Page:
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Re: the apartment is his and yours

Posted by Anna on July 30, 1999 at 11:00:56:

In Reply to: the apartment is his if his name is on the lease... posted by Willard on July 30, 1999 at 08:58:07:

Willard: You are correct: no succession issue here: a potential renewal-lease fight.

Dan: Who signed the first lease is no longer relevant: you are now equals; you are both tenants and can be held responsible for the whole rent separately or jointly.

The landlord should drop your name from the next renewal lease: even if he does not, as long as you do not sign it, you will not be liable for it. It is usually more difficult to get a LL to add a name to a renewal lease than to subtract one. If your LL gives your co-tenant trouble: it will be their problem, not yours.Your co-tenant can immediately file a complaint with DHCR for failure to offer a renewal lease: learn more in the DHCR section on (from the HomePage: > New York Tenant Info >> Rent Stab/Rent Control) or goto DHCR's website:

BTW: "my verbal agreement that I was still responsible for the full amount of the
rent": you cannot alter a written contract (lease) with an oral agreement. you know what they say about oral contracts? they are not worth the paper they're written on!

: the landlord put the guys name on the a co-leasee this isn't a succession issue. He is entitled to stay as long as he maintains the apartment as a permenant residence.
: The verbal agreement has little meaning unless witnessed.

: am I wrong?

: Willard

: : Your apartment is rent stabilized, not rent controlled. If you choose not to renew your lease, the landlord has the option of offering your roommate/co-tenant a vacancy lease, with an 18% increase for one year or 20% for two years, but he doesn't have to offer that to your roommate/co-tenant. He can evict both of you if your roommate/co-tenant refuses to move at the end of the lease, and you could be on the hook for the use and occupancy charges and the landlord's attorneys' fees, if the landlord has to go to housing court to remove your roommate/co-tenant.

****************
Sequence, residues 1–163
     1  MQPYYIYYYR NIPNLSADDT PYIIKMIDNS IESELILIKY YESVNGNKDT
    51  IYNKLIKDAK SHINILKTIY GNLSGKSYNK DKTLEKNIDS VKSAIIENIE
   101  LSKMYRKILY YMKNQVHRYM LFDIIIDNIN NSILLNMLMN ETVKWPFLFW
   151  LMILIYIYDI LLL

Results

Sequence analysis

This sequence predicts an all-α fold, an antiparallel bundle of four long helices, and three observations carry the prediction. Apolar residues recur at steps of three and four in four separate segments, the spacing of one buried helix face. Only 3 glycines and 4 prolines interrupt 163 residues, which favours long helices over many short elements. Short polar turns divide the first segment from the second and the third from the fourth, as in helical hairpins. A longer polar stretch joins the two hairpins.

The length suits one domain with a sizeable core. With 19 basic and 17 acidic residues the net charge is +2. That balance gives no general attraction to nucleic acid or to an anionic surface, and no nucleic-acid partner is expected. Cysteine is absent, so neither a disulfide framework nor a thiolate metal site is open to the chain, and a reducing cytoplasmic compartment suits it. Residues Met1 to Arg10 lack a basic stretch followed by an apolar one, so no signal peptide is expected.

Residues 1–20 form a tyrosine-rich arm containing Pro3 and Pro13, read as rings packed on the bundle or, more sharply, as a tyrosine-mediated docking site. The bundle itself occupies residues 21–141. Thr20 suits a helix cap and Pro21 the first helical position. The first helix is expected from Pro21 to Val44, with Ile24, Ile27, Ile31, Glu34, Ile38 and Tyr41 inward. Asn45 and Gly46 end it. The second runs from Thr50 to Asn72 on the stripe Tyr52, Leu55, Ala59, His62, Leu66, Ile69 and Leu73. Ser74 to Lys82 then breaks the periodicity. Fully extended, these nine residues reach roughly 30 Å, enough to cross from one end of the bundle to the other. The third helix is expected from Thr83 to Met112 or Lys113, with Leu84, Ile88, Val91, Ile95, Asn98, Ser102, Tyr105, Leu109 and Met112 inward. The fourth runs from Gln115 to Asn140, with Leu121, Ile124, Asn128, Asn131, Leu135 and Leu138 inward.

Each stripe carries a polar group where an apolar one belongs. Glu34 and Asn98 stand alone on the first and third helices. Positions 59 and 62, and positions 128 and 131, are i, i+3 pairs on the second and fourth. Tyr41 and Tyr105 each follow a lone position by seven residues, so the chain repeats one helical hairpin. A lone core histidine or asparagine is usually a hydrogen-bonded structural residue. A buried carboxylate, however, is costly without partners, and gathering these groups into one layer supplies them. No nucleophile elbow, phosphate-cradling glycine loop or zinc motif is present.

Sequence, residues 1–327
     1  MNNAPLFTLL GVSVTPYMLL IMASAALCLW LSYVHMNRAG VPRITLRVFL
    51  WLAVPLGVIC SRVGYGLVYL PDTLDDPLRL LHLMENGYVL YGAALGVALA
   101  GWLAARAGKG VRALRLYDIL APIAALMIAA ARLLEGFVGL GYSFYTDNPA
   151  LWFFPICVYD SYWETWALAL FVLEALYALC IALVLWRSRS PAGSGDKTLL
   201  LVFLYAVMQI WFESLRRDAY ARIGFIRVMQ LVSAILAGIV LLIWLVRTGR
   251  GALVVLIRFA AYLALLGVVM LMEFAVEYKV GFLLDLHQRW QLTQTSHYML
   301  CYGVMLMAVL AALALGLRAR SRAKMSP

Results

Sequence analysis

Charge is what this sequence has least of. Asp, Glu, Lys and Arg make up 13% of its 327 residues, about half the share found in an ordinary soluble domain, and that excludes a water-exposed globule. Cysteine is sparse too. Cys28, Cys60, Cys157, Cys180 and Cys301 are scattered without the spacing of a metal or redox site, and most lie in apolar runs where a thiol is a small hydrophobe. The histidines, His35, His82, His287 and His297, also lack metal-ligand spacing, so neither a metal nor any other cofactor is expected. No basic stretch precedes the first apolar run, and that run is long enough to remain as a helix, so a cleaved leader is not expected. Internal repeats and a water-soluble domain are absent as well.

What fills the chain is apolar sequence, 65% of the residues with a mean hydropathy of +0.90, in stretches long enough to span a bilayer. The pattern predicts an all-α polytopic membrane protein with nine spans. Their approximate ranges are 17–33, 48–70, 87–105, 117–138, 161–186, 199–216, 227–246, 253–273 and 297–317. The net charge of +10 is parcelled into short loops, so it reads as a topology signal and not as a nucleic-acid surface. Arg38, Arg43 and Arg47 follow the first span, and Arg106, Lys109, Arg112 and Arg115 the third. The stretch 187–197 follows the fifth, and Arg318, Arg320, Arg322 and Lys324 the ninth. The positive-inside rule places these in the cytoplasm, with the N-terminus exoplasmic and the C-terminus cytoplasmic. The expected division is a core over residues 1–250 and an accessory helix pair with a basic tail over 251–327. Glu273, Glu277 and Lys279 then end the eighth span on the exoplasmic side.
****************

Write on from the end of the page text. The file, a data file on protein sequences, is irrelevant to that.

: :
: : : I have lived in a rent controlled apartment in Manhattan for five years. I was the original signer of the lease, and I have shared the apartment with a steady stream of roomates. My current roomate has lived in the apartment for six months, and the landlords allowed him to add his name to the current lease a few months ago, on the condition of my verbal agreement that I was still responsible for the full amount of the rent. I plan to move when the current lease expires, but my roomate wishes to stay in the apartment. I do not intend to sign my name to another lease on this apartment. (i.e. I don't want to sublet) My big question is as follows
: : : : can my roomate, whose name is now on the lease, sign a renewal lease on this apartment, with the 2% increase (or whatever it is for a rent controlled apartment?) Or is there a distinction between my rights as the signer of the original lease, and my roomate's rights as a recently added name? Can the landlord force him to vacate the apartment? Does he have any succession rights?

: : : An answer to this question would be very helpful!!

: : : --Dan

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